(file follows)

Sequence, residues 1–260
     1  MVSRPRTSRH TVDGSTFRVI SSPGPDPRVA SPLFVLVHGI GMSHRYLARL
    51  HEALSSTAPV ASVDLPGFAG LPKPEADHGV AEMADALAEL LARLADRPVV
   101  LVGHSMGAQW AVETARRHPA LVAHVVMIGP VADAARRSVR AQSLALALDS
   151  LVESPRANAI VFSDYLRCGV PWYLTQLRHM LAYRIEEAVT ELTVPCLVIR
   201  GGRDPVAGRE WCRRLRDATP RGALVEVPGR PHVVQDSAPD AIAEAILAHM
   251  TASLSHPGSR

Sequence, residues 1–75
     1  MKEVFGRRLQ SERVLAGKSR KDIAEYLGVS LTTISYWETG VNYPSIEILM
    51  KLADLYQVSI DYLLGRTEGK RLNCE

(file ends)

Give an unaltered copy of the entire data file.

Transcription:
Sequence, residues 1–260
     1  MVSRPRTSRH TVDGSTFRVI SSPGPDPRVA SPLFVLVHGI GMSHRYLARL
    51  HEALSSTAPV ASVDLPGFAG LPKPEADHGV AEMADALAEL LARLADRPVV
   101  LVGHSMGAQW AVETARRHPA LVAHVVMIGP VADAARRSVR AQSLALALDS
   151  LVESPRANAI VFSDYLRCGV PWYLTQLRHM LAYRIEEAVT ELTVPCLVIR
   201  GGRDPVAGRE WCRRLRDATP RGALVEVPGR PHVVQDSAPD AIAEAILAHM
   251  TASLSHPGSR

Sequence, residues 1–75
     1  MKEVFGRRLQ SERVLAGKSR KDIAEYLGVS LTTISYWETG VNYPSIEILM
    51  KLADLYQVSI DYLLGRTEGK RLNCE